GOP tax reform plan could make condo developers a lot richer

Top LLC income tax rate could fall to 25%

TRD New York /
Sep.September 28, 2017 08:00 AM

Secretary of the Treasury Steven Mnuchin waving as President Trump speaks about tax reform at the Indiana Farm Bureau building (Credit: Getty Images)

The new Republican tax plan could make Manhattan’s luxury condo developers very happy.

On Wednesday, White House leaders and GOP lawmakers proposed lowering the maximum rate businesses, including many LLCs, taxed under the personal income rate pay, to 25 percent from 39.6 percent, among other changes.

Today, many Manhattan condo developers pay the top 39.6-percent rate on apartment-sale profits, while rental developers generally pay the 20-percent capital gains rate (which the tax plan wouldn’t lower). Halving the top income tax rate for LLCs would suddenly make condo development a lot more appealing relative to rental development and could lead to more of the former and less of the latter, said Kenneth Weissenberg of accounting firm EisnerAmper.

The plan still has to pass Congress and is light on details. Lawmakers said they want to install “guardrails” to make sure wealthy business owners don’t benefit from the lower LLC tax rate, but it wasn’t clear what these would look like and whether they would affect condo developers.

“Nobody really knows on this until we see actual draft legislation,” said David Spencer, a tax attorney. “It’s one of those devil-in-the-details points, details like ‘will a promote interest qualify for the lower rate’ could have a very significant impact across the real estate landscape”

But reform of this magnitude could well shake up the real estate industry. “When they make drastic changes to the tax code, behaviors change,” Weissenberg said. Take mortgages. Republican lawmakers want to double the standard deduction, which would make the mortgage interest deduction useless for most taxpayers, making it harder to borrow and buy homes.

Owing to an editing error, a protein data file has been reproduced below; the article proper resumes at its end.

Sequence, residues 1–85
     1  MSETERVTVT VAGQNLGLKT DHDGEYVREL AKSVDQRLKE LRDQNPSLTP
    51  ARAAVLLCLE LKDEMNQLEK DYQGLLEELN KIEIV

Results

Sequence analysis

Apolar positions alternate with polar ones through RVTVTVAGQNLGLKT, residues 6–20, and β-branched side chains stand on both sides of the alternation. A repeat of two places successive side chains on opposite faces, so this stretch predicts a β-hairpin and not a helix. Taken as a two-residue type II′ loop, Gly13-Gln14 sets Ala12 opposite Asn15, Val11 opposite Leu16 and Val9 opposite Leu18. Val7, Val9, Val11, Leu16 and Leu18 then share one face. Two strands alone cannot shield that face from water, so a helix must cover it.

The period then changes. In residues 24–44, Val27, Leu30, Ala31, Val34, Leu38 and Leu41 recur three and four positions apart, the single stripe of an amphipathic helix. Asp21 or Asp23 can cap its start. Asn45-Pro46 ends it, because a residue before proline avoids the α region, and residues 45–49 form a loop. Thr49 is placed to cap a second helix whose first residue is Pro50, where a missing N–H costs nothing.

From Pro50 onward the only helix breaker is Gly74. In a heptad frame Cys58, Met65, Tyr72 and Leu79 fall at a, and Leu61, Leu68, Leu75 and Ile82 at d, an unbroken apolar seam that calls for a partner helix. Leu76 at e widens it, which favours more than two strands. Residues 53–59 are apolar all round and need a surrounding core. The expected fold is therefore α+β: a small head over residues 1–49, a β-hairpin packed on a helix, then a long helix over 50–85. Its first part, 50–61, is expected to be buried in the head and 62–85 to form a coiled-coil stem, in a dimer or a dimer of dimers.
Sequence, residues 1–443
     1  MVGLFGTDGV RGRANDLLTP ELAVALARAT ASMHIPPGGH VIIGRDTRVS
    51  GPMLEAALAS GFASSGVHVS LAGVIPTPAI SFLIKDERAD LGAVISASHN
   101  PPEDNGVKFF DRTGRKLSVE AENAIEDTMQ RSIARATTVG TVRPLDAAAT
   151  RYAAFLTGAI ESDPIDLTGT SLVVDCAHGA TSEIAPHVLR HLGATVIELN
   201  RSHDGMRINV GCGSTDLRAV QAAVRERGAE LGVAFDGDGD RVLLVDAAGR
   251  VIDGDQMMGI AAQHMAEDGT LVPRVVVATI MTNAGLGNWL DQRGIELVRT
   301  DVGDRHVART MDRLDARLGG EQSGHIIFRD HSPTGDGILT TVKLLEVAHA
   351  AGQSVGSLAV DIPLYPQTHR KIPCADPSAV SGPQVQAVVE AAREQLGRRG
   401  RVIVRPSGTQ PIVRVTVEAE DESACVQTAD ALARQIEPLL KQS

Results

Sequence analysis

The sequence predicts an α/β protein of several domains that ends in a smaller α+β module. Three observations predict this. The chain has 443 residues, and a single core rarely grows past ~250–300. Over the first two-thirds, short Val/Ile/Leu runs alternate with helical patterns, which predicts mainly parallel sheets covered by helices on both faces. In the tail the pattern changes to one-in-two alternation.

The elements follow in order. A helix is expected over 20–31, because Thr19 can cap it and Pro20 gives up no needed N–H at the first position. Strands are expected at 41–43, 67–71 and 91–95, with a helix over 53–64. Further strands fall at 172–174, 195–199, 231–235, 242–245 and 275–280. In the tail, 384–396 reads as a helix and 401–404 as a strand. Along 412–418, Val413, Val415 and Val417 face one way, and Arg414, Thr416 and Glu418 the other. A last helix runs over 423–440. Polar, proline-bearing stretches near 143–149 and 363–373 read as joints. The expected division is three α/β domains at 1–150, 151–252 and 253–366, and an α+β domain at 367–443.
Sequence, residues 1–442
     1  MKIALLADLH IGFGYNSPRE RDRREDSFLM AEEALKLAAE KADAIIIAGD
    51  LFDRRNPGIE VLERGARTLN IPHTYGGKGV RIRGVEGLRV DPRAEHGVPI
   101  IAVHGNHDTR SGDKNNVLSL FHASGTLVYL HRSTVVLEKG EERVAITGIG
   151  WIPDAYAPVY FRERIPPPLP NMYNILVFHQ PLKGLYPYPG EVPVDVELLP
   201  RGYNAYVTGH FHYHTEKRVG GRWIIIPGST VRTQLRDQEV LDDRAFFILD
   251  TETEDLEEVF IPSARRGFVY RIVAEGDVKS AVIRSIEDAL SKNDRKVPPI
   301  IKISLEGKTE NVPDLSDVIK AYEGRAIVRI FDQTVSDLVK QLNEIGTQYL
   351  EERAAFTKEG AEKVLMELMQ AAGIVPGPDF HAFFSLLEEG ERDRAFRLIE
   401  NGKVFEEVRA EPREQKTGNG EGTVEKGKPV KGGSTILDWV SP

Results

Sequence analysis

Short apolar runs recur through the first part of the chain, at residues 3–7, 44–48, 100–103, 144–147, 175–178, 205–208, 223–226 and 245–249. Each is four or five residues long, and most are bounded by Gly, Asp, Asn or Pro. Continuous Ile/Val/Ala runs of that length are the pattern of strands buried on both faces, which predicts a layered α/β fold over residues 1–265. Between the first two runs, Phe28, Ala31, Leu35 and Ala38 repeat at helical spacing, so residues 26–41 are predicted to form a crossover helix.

“So yes, people may build more condos,” Weissenberg said, “but then fewer people can afford to buy them.”


Related Articles

arrow_forward_ios
(Image by Wolfgang & Hite via Dezeen)

Hudson Yards megadevelopment inspires a new line of sex toys

Cammeby's International Group founder Rubin Schron and, from top: 194-05 67th Avenue, 189-15 73rd Avenue and 64-05 186th Lane (Credit: Google Maps)

Ruby Schron lands $500M refi for sprawling Queens apartment portfolio

Wendy Silverstein (Credit: Getty Images)

Wendy Silverstein, co-head of WeWork’s real-estate fund, is out

From left: Dan Teran and Joe De Buy (Credit: Getty Images)

Two bitter rivals compete for WeWork castoff

Bel Air megamansion sells for $150M, setting LA record

Bel Air megamansion sells for $150M, setting LA record

Renderings of 1010 Park Avenue and The XI at 76 11th Avenue (Credit: CWC, HFZ Capital)

Contractor in alleged mob scandal worked on major NY projects

Global City Development principal Brian Pearl (Credit: iStock)

The $2.5B plan to lure millennials into new houses

Finger and Finger principal Kenneth Finger and landlord activist Jeff Hanley with Westchester (Credit: iStock)

Westchester group lobs its own constitutional challenge to New York’s rent law

arrow_forward_ios